On August 5th, we attended the Fruit & Vegetable Field Day at the ISU Horticulture Research Station north of Ames. This is an annual event that is free for the public to attend - but the majority of attendees were commercial growers, Master Gardeners and extension personnel. It was a great event where we got to brush elbows with some of the knowledgeable ISU Extension specialists and researchers as well as chat with other Iowa producers from all across the state. They also provided a lovely picnic dinner for attendees. We highly recommend putting this on your calendar for next year!
Research projects that were demonstrated included cover crops, growing peaches and tomatoes in high tunnels, trellising small melons, pest management on cucurbits (covering them with nets), hops, bees, and biodegradable mulch trials. Below are some pictures from the event and some highlights of what we learned.
Most vegetables growers who use plastic mulches in their fields can appreciate the benefits of keeping weed pressure around summer crops to a minimum. But when it comes to removing the plastic mulch from the fields in the fall, farmers often complain about the effort and time that it takes to remove (not to mention the plastic waste that needs to be disposed of!) There are a handful of biodegradable mulches on the market these days, and they are trialing these mulches at the ISU Horticulture Research Station. Mulches were made from a plant-based cellulose plastic or creped paper. Thinner paper mulches were found to disintegrate shortly after installation, so thicker paper is suggested for use. This trial is still ongoing, but we look forward to learning more about the different biodegradable mulches and how the peppers performed in each.
Also, as you can see in the picture of this biodegradable mulch trial, there were signs in the vegetable fields informing visitors about best food safety practices. Food producers often struggle with how to inform farm visitors about food safety policies. A simple sign like the one pictured is a great way to inform your visitors about your safe food policies without having to give them a long speech!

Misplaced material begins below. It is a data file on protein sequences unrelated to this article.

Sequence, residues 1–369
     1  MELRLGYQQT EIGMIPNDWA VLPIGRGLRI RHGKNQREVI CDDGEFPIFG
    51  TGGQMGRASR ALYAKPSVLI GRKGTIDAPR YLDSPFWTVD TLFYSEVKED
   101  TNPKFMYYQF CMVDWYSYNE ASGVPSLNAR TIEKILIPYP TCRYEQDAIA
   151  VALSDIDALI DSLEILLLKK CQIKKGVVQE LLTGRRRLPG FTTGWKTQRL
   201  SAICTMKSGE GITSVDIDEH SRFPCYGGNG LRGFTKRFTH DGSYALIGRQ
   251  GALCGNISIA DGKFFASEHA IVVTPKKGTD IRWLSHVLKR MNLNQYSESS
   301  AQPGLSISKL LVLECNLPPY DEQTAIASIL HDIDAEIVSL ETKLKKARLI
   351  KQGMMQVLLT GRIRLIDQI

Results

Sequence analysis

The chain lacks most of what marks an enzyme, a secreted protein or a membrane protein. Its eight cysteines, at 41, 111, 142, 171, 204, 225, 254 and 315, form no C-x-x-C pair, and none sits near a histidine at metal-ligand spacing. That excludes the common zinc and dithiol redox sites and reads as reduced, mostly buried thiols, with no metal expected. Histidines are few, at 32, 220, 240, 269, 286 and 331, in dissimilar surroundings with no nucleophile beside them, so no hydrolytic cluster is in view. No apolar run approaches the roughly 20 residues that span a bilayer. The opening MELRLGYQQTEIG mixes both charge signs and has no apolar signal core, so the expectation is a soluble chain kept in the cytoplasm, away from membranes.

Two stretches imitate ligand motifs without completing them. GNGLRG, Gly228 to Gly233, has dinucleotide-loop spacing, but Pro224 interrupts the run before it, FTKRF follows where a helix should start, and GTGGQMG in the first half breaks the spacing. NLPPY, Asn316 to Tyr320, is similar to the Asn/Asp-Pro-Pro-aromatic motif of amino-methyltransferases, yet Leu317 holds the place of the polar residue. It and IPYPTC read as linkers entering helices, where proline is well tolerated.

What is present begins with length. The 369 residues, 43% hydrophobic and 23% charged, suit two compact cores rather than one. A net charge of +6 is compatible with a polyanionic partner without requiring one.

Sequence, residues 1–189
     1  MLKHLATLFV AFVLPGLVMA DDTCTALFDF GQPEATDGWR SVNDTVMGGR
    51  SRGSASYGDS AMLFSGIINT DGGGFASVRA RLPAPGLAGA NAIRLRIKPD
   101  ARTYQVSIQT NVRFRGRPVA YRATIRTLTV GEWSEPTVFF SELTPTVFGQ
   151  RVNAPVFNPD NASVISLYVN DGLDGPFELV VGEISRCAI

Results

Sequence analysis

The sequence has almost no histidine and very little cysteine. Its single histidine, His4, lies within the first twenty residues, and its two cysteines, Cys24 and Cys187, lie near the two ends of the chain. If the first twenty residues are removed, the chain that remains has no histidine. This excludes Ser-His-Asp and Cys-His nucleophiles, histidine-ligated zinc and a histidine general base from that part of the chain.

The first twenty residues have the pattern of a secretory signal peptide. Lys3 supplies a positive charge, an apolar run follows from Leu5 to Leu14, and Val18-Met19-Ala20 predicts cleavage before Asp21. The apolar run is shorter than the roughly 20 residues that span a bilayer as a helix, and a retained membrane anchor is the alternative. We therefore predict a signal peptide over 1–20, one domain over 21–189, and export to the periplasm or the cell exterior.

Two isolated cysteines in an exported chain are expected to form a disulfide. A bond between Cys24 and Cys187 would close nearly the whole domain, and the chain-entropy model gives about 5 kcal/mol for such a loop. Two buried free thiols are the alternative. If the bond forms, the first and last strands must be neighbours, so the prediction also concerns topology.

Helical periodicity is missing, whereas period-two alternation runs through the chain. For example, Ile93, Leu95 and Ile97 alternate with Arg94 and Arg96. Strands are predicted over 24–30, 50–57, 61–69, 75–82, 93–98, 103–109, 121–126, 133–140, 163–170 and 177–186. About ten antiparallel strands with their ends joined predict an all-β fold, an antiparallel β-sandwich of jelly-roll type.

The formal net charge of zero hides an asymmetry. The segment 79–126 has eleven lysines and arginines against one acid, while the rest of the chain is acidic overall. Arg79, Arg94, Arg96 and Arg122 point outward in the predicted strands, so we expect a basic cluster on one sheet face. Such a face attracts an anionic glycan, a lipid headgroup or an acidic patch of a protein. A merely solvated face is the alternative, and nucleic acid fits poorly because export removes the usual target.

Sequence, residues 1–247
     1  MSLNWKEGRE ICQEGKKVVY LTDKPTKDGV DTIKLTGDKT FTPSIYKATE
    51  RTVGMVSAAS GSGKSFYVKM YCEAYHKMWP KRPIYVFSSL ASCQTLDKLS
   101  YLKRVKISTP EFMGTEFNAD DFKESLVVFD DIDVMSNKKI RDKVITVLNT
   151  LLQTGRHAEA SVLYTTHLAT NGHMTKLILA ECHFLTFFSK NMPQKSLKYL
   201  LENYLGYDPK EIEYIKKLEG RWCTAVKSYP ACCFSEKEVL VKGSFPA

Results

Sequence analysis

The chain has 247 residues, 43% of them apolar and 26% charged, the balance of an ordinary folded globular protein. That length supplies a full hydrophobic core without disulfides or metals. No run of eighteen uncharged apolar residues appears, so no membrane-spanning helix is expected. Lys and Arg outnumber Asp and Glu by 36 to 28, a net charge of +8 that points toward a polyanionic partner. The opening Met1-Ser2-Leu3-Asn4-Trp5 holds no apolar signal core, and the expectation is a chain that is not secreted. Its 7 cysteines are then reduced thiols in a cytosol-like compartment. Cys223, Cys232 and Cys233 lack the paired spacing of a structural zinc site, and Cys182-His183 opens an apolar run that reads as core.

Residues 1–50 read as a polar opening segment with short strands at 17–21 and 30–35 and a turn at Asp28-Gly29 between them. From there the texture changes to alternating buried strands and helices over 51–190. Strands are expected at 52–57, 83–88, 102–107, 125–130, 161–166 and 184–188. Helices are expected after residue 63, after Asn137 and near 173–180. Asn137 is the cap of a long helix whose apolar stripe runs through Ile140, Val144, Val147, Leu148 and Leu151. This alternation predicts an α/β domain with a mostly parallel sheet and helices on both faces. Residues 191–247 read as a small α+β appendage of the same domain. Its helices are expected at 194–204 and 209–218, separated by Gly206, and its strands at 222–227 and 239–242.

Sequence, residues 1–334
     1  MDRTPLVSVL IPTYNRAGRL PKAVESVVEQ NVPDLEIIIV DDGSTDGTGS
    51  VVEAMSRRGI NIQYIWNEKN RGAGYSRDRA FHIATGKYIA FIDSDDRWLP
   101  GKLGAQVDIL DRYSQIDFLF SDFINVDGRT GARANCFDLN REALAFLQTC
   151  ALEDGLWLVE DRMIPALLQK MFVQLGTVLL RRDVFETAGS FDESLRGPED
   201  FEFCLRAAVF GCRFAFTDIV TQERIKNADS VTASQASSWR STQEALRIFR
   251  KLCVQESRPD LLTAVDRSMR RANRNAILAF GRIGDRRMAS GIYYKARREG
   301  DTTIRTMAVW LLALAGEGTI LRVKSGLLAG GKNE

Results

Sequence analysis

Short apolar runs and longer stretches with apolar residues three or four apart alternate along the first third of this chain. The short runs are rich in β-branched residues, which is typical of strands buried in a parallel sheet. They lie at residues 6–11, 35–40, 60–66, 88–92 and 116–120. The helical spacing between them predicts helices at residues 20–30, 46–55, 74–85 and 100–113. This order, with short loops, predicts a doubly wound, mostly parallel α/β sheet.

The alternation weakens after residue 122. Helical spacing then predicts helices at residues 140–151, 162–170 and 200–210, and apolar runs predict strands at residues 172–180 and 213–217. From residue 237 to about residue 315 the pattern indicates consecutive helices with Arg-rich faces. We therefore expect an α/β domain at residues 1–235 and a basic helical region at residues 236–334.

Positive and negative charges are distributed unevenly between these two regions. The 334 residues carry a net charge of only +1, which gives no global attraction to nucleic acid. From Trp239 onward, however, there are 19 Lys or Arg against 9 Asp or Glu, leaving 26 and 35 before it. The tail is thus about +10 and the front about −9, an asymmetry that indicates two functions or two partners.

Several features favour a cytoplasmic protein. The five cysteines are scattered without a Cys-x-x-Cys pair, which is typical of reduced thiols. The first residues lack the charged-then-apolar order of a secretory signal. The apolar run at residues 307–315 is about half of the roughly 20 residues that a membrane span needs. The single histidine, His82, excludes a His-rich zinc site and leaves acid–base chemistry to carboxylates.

The high tunnel peach trial compares the peach trees growing in a 20 ft tall high tunnel structure with the same trees growing outdoors. They are measuring growth of trees in both locations and comparing data, but they have yet to get a fruiting crop off of any of the trees in 4 years of the project so there is no data on how the high tunnel effects harvest potential. Peaches are generally a rare commodity in Iowa because of our fluctuating weather, so they are hoping to see some benefits from growing the trees inside a high tunnel. We've had some extremely crazy weather in the last few years, especially the sub-zero temps last winter, so it's apparent that the high tunnel does not protect the trees from all harsh weather!
The researcher shared information about the pruning of fruit trees when growing in a high tunnel (trees are pruned to have two lead branches to promote good airflow. Pruning also helps with keeping the trees from growing through the roof of the tunnel and keeping them a manageable height for when they do have peaches to harvest. While I don't anticipate encouraging anyone to grow fruit trees in a high tunnel anytime soon, I appreciate seeing how intensively fruit trees can be pruned and how good tree formation can benefit the harvest.
The melon trial focused on smaller melons (1-3 lbs) that could be trellised. ISU researchers grew about about 10 varieties of melons that included honeydews and cantaloupes. The flesh of the melons were a range of colors... including a white-fleshed honeydew! After they shared about controlling cucumber beetles, trellising techniques and planting flowers along the edges of the tunnel to attract pollinators, field day visitors were invited to taste the melons! Our favorite was a cantaloupe called sugar cube, but there were lots of other tasty varieties.
They had another melon trial where full-sized melons were growing under netting outdoors. This netting was intended to keep pests off of the plants... but that means the pollinators did not have access to the plants either. In order to pollinate the melons, a bumble bee box was installed under each netted tunnel, and the researchers were measuring the effectiveness of these bees as well as the pest prevention benefits of the netting.
One of the last fields we visited that day was their hops production field. It was amazing to see how tall these vines climb and to see the giant trellising systems that must be built to grow hops. This is a crop that is in high demand and fairly easy to grow in our state (the cost and labor to build the trellis is probably the hardest part!).
It was fun to learn about all the research that is going on at the ISU Horticulture Research farm this year, and I can't wait to hear how some of these trials turn out. It was an inspiring event for any gardener... observing innovative growing techniques, chatting with extension specialists, and witnessing how we can learn from both trial and error made for a very informative day!